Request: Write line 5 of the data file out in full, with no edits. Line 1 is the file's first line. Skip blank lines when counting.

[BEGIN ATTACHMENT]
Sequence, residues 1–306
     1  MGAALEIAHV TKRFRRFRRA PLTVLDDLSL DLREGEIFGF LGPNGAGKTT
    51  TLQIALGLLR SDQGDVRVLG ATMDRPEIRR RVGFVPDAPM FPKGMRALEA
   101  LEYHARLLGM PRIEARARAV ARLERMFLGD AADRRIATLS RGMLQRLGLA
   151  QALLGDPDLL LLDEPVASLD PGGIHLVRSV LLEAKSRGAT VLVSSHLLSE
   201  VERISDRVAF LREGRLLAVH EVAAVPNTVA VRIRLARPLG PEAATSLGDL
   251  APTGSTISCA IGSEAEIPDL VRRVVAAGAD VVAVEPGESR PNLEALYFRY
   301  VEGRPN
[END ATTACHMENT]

   151  QALLGDPDLL LLDEPVASLD PGGIHLVRSV LLEAKSRGAT VLVSSHLLSE